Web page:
Kurzrock and colleagues retrospectively generated these scores for interventional points identified in 121 patients who had their tumors surgically removed at a French institute between 2002 and 2006. While the method identified different high-scoring interventional points among these individuals, the patients shared several key commonly activated nodes. Kurzrock’s group further observed that, based on the scores, some patients could perhaps benefit from two or more triplet drug combos.
Interventional points that were commonly activated in 121 patients included CDK4/6, Ras/Raf, anti-apoptosis, Her, Notch and Polokinase-Aurora-Kinase. Immune-related interventional points, such as PD-L1 and CTLA4, showed up for more than half of the patients.
Kurzrock and colleagues homed in on six drug combinations involving anti-PD-L1 immunotherapy that the SIMS scores suggested might benefit at least half the NSCLC patients. For example, 28 percent of NSCLC patients had activation of RAS/RAF, mTOR/PI3K, and PDL1. For 19 percent of patients, the score prioritized PD-L1, mTOR/PI3K, and DNA repair mechanisms.
The commonly perturbed interventional nodes had targeted drugs (either approved or in clinical studies) associated with them. However, researchers noted that in the study there weren’t that many patients with EGFR mutations or ALK rearrangements, and so drug combinations targeting these markers occurred infrequently.
In advanced lung cancer, the standard of care is to combine chemotherapy with a targeted agent. Among patients who have EGFR or ALK mutations, personalized therapy options have improved response rates and extended progression-free survival. But “the problem with [these] monotherapies is secondary resistance,” Lazar noted.
This is why the WIN Consortium wants to test out the efficacy of triplet therapeutic strategies when they are given to patients based on the most perturbed molecular characteristics of their tumor. “Having a clear insight to what is wrong in the biology for the tumor as compared to the normal status, this is very useful information at different levels – at the level of better understanding the use of monotherapies but especially to provide the landscape for providing combined therapies,” Lazar said.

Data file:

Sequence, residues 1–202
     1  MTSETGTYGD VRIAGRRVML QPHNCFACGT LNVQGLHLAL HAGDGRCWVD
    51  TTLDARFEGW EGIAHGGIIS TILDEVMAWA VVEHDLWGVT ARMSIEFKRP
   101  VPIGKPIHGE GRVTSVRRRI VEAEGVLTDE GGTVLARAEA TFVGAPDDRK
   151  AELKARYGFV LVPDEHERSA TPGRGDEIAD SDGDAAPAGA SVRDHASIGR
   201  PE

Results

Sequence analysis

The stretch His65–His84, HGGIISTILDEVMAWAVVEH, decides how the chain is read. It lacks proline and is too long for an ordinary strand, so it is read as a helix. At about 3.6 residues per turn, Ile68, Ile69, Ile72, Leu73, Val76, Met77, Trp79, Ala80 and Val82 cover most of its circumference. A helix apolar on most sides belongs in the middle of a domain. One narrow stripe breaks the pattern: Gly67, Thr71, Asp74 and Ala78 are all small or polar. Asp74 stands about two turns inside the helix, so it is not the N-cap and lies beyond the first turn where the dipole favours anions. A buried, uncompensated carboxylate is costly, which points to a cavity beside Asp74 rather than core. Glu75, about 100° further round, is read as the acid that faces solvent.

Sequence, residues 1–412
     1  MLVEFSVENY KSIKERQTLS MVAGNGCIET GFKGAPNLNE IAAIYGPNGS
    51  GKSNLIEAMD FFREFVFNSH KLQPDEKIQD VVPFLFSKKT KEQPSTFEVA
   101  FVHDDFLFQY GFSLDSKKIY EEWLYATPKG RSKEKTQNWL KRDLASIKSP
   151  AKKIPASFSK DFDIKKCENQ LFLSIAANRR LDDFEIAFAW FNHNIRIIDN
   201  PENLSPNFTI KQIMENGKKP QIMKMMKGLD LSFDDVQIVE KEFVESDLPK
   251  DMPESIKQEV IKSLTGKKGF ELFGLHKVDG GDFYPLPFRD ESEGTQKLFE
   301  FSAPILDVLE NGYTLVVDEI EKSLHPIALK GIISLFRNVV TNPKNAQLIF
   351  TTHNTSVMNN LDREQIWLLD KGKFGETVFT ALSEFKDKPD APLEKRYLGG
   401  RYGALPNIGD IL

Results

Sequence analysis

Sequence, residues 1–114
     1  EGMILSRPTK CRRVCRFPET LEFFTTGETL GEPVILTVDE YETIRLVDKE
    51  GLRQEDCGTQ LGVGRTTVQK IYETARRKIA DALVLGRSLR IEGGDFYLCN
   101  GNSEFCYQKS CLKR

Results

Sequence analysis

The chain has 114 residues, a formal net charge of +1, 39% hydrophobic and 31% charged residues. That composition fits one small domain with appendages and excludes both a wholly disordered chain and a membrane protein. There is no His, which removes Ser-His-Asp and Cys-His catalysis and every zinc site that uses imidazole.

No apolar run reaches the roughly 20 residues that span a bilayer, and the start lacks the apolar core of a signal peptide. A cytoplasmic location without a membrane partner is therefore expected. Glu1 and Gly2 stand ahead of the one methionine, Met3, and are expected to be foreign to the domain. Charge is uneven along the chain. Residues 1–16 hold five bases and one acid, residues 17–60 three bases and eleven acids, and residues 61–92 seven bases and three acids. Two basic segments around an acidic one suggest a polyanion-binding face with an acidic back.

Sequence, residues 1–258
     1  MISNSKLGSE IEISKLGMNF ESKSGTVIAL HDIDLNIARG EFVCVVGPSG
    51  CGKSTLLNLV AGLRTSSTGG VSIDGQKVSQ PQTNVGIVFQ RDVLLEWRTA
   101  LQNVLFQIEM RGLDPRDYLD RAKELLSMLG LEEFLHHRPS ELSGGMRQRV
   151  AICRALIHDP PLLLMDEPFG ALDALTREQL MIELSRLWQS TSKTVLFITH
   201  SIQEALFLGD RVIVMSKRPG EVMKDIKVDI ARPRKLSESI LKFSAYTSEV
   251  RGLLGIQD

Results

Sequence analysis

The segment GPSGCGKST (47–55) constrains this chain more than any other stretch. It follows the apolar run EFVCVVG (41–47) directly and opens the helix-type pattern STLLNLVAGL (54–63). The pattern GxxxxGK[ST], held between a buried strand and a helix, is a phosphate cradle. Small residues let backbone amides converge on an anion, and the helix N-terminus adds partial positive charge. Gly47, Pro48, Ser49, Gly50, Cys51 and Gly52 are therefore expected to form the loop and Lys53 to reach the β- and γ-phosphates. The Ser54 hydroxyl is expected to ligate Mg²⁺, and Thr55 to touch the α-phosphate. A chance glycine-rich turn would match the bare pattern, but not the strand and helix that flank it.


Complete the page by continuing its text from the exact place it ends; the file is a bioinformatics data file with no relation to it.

Triplet therapies have successfully improved long-term outcomes for patients with HIV or bacterial infections. Lazar noted that in AIDS, only the combination of three agents was able to control the viral load and reduce it to the status of a chronic disease. From this experience, Kurzrock’s group has a hypothesis that combining three drugs with different modes of action (targeting different interventional nodes) might just stave off resistance and prolong patient survival in NSCLC patients, too.
The complexity of cancer necessitates a multitude of three-drug combinations, in Lazar’s view. “You’ll never have one combination that’s good for all patients,” he said. “You’ll have to have multiple combinations that are preselected on a rational basis.”
But one of the challenges of giving cancer patients three drugs has been the risk that they’ll experience toxicities they can’t tolerate. Importantly, the SIMS algorithm pinpointed immune-related interventional points in more than half of the NSCLC patients, which would make immunotherapy part of their triplet combination. This is key, given the potential of immunomodulators to mitigate toxicities.
Also worth noting is that in this study, researchers collected molecular measurements on tumor versus normal samples. This is important because it means that the algorithm could be used in all solid tumors, but in order to do so, “you need to generate this knowledge,” Lazar said. He noted that worldwide most cancer research is only focused on analyzing the tumor.
A research team led by Victor Velculescu of the Sidney Kimmel Comprehensive Cancer Center recently published data showing that sequencing only the tumor, and not also the matched normal tissue, resulted in the identification of false-positive alterations, which would be thought of as actionable in terms of directing therapy based on tumor-only analysis.
“This paper makes me very happy,” Lazar said. “It’s indirect confirmation that … analyzing tumor versus normal [samples] will be more and more important.” The WIN Consortium is further studying this approach in the WINTHER trial, involving MD Anderson Cancer Center in the US, Institut Gustave Roussy in France, Vall d’Hebron Institute of Oncology in Spain, and the Chaim Sheba Medical Center in Israel.
Meanwhile, it will be some time before SIMS is integrated into the clinic. Forthcoming validation studies such as the SPRING trial will ultimately determine whether the algorithm becomes part of oncologists’ tool box.
The WIN Consortium said it will discuss the latest study and provide further details on its overarching lung cancer clinical trials plan at the WIN 2015 Symposium in Paris in June.